Small AG pool in Phoenix

Apr 24, 2017
5
Chandler, AZ
#1
We got an AG 10 ft round metal-frame Intex pool recently. We're going to set it up this week. We have a 3 year old and 2 year old, so we're only going to fill it to about 2ft for now. So, not much water (about 1200 gal). I'm going to go out and get some bleach and baking soda and I've ordered the TF-100 test kit (estimate is May 2nd, but I hope it doesn't really take a week to get to me in AZ). First time dealing with a pool bigger than a little hard plastic kiddie pool.

In the meantime, I have a couple of questions:


  1. I'm wondering about the calcium. Our water here in the Phoenix area is super hard. Will the calcium be an issue?
  2. Although we do get intense heat and sun here in AZ in the summer, we're going to have the pool covered since there is a deciduous tree (drops year round) outside of our fence right next to where the pool will be. I think we were looking at a solar cover, but I'm not sure. What effect will being covered have on the balance of the pool, even in the intense AZ summer heat?

Appreciate any other feedback pertinent to this small pool coupled together with the Arizona sun.
 

YippeeSkippy

Mod Squad
LifeTime Supporter
Jan 17, 2012
9,216
Evans, Georgia
#2
Hi Sorinev, welcome. Good choice on test kits for sure!

Calcium isn't an issue with vinyl pools generally. So mark that off your worry list.

A cover will maintain the FC level longer. It may also make the pool warmer than you desire. You can add a fountain and run it at night to help cool the pool down if necessary.

My worry is that pools aren't really meant to be only filled halfway. The water itself provides structure to the pool. I think you need to re-think that bit ok?

Holler back with any further questions you have :) We're happy to help.

Yip :flower:
 

triptyx

TFP Guide
Apr 12, 2016
1,485
Tucson, AZ
#3
I'm down in Tucson.

To expand on Yippee's answer, yes, over time your calcium will build up. Fill here in Tucson starts at about 200ppm of CH - after a year of operation, my newly filled pool is now running about 475ppm. If you're using TFP's guidelines and watching your CSI (it can be calculated in PoolMath once you have your TF-100 and a full set of test results), you can mostly avoid any scaling or buildup as long as your keeping your other levels (TA, pH) in line.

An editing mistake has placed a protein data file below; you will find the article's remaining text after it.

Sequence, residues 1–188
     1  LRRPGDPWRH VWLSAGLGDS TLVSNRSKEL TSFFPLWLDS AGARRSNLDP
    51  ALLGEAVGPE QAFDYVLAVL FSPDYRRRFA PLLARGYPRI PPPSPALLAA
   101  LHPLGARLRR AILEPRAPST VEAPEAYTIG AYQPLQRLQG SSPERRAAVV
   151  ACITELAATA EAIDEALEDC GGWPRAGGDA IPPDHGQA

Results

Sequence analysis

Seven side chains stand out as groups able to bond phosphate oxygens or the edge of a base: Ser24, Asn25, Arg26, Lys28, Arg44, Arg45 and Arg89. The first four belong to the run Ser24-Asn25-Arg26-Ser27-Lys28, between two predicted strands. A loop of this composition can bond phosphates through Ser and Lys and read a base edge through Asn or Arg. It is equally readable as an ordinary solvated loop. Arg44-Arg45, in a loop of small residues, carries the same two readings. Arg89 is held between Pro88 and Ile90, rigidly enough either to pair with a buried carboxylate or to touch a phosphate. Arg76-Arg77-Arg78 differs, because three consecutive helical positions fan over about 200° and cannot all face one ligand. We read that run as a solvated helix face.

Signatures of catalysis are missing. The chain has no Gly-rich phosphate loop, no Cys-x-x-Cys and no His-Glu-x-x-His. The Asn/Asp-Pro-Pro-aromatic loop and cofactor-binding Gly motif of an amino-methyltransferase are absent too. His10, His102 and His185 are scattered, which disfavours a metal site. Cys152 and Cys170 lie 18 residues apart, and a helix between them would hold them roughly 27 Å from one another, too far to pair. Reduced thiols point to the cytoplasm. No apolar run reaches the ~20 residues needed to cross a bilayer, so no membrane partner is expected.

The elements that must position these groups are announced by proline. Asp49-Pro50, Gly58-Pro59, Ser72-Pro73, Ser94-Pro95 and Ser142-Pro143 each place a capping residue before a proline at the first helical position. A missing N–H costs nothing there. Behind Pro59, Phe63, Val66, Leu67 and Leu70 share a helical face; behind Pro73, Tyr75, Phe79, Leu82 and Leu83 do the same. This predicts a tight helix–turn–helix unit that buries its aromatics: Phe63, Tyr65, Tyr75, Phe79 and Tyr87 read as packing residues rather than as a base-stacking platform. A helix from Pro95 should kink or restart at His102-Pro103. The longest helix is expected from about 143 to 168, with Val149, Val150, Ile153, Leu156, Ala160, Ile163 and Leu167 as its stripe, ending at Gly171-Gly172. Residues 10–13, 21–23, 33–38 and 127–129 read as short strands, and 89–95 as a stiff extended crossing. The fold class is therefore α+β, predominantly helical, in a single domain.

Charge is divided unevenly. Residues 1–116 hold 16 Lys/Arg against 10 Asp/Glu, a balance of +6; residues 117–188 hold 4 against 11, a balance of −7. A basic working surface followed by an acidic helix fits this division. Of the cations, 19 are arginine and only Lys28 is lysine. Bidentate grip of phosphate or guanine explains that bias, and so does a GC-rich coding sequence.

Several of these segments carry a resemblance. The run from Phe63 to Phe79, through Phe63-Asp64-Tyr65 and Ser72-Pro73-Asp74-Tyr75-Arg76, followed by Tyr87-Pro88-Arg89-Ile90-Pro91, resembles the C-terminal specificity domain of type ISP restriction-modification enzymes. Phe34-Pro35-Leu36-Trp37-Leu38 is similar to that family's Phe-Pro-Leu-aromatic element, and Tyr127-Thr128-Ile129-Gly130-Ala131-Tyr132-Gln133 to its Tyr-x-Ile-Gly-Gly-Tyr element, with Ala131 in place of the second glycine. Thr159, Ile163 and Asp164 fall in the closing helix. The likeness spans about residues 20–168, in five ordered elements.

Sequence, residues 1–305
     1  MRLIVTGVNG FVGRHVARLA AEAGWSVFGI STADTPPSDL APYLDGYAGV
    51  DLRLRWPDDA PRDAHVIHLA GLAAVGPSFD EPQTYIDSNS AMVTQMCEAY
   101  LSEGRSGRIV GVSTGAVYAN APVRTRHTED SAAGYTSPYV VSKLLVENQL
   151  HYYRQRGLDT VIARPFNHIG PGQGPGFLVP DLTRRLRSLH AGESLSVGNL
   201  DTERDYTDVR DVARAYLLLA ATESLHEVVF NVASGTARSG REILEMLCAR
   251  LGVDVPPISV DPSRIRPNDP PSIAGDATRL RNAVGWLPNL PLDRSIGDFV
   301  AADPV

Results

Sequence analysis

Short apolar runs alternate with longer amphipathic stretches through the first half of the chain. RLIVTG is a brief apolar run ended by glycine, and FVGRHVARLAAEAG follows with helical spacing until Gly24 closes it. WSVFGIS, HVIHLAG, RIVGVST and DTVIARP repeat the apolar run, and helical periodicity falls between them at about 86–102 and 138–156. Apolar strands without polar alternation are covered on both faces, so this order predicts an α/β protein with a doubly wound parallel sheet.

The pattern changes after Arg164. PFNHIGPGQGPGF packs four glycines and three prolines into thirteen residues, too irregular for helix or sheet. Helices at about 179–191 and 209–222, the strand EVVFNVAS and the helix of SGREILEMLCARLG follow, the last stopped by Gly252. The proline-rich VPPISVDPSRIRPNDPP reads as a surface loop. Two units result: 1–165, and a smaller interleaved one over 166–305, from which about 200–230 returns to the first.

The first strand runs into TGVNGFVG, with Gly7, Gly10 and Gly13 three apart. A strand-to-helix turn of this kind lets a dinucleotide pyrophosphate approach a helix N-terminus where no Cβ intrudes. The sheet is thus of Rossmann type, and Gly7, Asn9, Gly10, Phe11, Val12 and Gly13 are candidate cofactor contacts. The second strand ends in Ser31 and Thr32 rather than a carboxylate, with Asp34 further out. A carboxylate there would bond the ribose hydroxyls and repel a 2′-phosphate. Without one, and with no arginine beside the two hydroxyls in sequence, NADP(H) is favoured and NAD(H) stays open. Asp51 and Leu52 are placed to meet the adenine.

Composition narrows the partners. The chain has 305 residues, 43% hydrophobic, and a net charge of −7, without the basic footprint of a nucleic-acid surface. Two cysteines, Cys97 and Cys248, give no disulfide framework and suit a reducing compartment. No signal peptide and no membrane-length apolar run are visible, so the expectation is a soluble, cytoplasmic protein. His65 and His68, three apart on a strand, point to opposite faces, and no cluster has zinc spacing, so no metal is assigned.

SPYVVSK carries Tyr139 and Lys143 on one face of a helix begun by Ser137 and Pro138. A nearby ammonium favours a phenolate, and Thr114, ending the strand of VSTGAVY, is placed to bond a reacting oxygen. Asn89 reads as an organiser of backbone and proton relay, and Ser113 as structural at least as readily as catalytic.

Covering a pool full time during the summer here will result in temperatures of 100 degrees or so. I have easily gotten over 92-94 degrees during the heat of the summer leaving the cover on overnight and during the day. My current hypothesis (which has been holding up admirably so far this season) is that due to heat loss from evaporation, and given our very dry air during most of the summer, the cover will prevent more heat loss from evaporation, even during the day, than it does by stopping the sun's rays from directly warming the water. A quick example - my friend in Phoenix doesn't have a solar cover, and he has a darker pool finish than I do. Right now his pool fluctuates from 70 (morning) to 74 (end of day). With nearly the exact same weather here in Tucson, and having had my cover on 24/7 for a few weeks, my pool hit 88 yesterday afternoon. So the effect you can expect by attempting to cover it 24/7 is a very, very hot pool. Once we start having lows in the 70s at night, generally those of us here in AZ start leaving the cover off 24/7 to ensure the pool can cool down.

With regards to your 2 and 3 year old, I'd like to recommend this:

Coleman Stearns Puddle Jumper

We got one for my daughter to use in our pool last year (she was about 18mos old). Even though her weight was below the limit on the box, she had no problems staying upright and happily floated around in this device - there's a back strap with a clasp to keep it on and in position. We're using it again this year and once again, she's having a great time in it. You still need to watch your kids every second, of course, but she hasn't gone under once while wearing it. Go ahead and fully fill your pool and just grab a couple of those little guys for your little ones. They're pretty inexpensive - we got ours at the big red box store.
 
OP
OP
S
Apr 24, 2017
5
Chandler, AZ
#4
So we finally filled the pool 3 days ago. It's about 1300 gallons (10ft by 30in, although when properly filled it's more like 27ish). A few observations:


  1. Is it normal for a pool this size to have chlorine completely depleted in one day? I put chlorine in according to the pool math calculator on the first day. The second day, it seemed to test 0. That didn't seem right. So I added some again and tested an hour later and FC was 6. I tested today (day 3) and it seems gone again. Is this normal? CYA is 0, so is it normal for that much FC to vanish in 24 hours, even on a cool, overcast day?